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Parent-child relationship building in preschoolers

Research suggests that positive family involvement contributes to a child’s academic success.
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Research suggests that positive family involvement contributes to a child’s academic success. You are your child’s first teacher, and your child is developing social skills through interactions with you and other family members and friends. Parent-child interactions are the foundation of a child’s social development, and when you are able to provide your child with reasons for your rules and values, they will be more likely to be socially active and open-minded.

In preschool and kindergarten, your child is discovering new ways of acting and socializing, and the best way for you to support their social growth is to lead by example. Your child learns how to make friends, cooperate, and share with others by seeing your interactions. It is important to use your influence to help him or her become a socially aware individual capable of having lasting relationships. Take time to talk to your child about their feelings, beliefs, and concerns, and share your values. You can also give examples of how you approach the different social interactions in your life to help them better understand how to apply these concepts to their own lives and relationships. Parents who speak with their children and explain why, for example, you say thank you when someone is kind, or why you should not hit siblings when they don’t give you their toys, are helping to raise a child who thrives in social situations. Dinner time provides a great opportunity for conversation, and it can be a time to talk to your child about your values, his or her emotions, and interactions during that day.

Set boundaries for your child. Setting rules—and consistently following through with consequences if they are broken—is an important aspect of building trust between you and your child. Talk to your child about the reasons behind rules so they know why rules exist and what you consider proper behavior. Your child might test those limits, but if you are consistent with logical consequences, and remind them about the reasons behind the rule, they might think twice about breaking that rule the next time.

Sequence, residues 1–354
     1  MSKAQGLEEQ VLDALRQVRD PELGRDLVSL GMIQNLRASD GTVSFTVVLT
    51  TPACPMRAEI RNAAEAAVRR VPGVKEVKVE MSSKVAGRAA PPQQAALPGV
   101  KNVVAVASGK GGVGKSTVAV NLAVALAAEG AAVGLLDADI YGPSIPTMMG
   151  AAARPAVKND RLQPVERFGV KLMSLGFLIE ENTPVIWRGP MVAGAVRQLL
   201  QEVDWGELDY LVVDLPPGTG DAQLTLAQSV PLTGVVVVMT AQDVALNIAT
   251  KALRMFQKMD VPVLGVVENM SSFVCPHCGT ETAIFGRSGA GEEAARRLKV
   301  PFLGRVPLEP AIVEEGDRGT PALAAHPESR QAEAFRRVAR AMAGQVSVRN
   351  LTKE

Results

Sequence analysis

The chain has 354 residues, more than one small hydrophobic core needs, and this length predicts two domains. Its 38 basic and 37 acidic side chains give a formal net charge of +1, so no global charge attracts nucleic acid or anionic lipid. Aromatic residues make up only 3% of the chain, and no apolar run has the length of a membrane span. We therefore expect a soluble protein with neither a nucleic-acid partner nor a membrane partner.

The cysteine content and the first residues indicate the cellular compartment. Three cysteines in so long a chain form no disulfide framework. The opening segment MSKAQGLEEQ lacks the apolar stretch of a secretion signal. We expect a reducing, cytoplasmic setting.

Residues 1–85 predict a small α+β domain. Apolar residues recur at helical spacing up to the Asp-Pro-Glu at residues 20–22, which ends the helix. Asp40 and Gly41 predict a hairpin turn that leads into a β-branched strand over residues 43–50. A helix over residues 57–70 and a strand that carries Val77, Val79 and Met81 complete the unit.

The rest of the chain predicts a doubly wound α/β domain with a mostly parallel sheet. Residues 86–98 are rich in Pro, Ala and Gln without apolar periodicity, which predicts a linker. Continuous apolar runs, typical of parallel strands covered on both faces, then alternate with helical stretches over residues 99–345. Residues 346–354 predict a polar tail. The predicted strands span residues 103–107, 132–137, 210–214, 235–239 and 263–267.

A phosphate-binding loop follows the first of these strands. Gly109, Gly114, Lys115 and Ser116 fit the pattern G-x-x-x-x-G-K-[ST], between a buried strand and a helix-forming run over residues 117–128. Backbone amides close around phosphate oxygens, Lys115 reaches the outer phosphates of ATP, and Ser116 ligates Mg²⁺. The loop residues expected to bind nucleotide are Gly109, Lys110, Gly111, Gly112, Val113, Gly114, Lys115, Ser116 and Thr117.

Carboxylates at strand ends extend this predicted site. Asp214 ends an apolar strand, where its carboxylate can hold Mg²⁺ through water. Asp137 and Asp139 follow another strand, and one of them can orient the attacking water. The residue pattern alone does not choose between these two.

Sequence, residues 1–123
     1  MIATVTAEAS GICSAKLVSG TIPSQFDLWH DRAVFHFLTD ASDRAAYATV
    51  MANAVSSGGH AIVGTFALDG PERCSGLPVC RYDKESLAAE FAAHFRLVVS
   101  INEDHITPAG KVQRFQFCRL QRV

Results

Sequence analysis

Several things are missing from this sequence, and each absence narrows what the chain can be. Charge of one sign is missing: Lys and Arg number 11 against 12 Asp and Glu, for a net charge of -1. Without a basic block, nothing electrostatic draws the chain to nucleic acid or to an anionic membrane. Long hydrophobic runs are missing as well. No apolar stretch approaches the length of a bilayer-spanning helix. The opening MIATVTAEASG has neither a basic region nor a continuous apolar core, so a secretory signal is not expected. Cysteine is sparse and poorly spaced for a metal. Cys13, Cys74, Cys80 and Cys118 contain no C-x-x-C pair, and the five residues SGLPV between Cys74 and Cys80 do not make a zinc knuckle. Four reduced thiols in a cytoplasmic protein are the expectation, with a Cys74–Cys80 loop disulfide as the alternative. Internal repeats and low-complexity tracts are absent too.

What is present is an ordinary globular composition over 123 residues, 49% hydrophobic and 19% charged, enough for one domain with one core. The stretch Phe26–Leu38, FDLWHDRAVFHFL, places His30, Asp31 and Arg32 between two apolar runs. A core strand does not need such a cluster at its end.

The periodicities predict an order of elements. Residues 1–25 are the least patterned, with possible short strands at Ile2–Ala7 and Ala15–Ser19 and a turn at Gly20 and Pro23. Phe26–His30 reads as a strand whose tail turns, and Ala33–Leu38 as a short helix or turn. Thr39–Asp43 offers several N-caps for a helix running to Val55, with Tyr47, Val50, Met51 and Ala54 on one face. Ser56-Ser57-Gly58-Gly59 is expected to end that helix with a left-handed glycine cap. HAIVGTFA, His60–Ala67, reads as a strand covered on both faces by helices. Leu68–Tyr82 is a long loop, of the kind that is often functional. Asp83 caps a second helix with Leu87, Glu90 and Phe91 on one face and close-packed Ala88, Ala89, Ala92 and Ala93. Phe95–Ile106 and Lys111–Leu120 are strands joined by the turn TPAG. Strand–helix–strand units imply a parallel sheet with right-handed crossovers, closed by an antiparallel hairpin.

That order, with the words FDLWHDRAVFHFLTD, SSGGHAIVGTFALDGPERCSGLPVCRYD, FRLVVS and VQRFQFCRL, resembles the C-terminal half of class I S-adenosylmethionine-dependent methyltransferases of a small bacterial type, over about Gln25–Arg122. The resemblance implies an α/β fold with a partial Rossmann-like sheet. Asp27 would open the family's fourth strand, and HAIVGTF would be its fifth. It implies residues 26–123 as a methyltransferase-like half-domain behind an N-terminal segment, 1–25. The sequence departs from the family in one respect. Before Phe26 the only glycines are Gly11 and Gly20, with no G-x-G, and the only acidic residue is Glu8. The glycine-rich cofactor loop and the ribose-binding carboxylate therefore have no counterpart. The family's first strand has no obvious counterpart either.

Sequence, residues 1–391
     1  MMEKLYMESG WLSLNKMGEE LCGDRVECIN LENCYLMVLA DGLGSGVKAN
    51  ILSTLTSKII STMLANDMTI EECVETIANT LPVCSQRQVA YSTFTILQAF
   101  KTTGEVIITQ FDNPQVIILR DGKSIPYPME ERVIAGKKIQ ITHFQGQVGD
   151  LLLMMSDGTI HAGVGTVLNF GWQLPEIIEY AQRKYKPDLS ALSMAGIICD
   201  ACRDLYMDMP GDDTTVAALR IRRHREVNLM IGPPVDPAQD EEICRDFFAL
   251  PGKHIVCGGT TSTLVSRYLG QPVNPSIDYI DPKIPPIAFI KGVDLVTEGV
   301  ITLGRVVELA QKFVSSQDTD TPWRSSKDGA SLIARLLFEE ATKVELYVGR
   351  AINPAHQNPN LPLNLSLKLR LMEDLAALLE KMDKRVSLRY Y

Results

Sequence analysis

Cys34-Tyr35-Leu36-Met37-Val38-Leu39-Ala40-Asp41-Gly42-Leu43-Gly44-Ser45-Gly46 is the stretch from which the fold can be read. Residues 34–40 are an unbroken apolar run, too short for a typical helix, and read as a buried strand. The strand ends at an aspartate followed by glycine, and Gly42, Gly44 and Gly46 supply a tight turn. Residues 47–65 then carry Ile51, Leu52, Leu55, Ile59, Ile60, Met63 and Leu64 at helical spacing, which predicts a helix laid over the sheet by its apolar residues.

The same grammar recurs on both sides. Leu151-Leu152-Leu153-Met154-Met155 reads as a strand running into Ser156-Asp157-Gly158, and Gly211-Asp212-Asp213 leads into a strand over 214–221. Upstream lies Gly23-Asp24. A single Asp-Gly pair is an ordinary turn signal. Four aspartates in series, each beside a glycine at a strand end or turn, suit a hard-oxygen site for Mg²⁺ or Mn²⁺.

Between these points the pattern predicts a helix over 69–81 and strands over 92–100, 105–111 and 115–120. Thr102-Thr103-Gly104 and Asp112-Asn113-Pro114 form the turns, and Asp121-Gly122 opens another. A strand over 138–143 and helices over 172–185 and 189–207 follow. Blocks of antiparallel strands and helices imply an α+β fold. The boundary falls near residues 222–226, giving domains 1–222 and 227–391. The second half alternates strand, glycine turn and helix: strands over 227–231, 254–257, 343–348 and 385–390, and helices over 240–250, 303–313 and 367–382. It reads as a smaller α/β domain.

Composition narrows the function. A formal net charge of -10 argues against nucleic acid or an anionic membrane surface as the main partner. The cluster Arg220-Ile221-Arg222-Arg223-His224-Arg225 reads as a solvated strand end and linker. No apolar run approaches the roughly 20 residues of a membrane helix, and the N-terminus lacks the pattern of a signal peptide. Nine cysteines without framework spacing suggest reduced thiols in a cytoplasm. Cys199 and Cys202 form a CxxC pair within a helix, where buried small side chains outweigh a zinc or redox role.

Explain to your child that you trust that they will follow the rules, and if they don't, they should trust in the fact that you will be consistent in the way you respond to this type of behavior. Remember that some young children will not remember all of the rules you may make, so having visual reminders, or reminding a child of the rules as they enter a particular situation, will make it less likely they will break the rules. As your child gets older and earns your trust through following the rules, you can give more responsibility and freedom, and they will need fewer reminders.

While your child may still be very young, it’s good to begin teaching small lessons that will help build their independence by the time they are ready to leave home for college. You can help do this by asking your child to do some simple activities that they can do on their own to help with the morning or nightly routine. Ask your child to brush his teeth, or get dressed in the morning, or change into pajamas at night. Remember to give clear and simple directions to help her understand exactly what she needs to do. If he forgets or doesn’t understand what is being asked of him, provide him with positive reinforcement, and explain your instructions again, as patiently as you can. Give them time to do what you ask, and provide them with positive feedback after they complete the task.

Parent Toolkit resources were developed by NBC News Learn with the help of subject-matter experts, including Anne Morrison, Pre-Kindergarten Teacher, Lycée Français de New York, and Maurice Elias, Director, Rutgers Social-Emotional and Character Development Lab.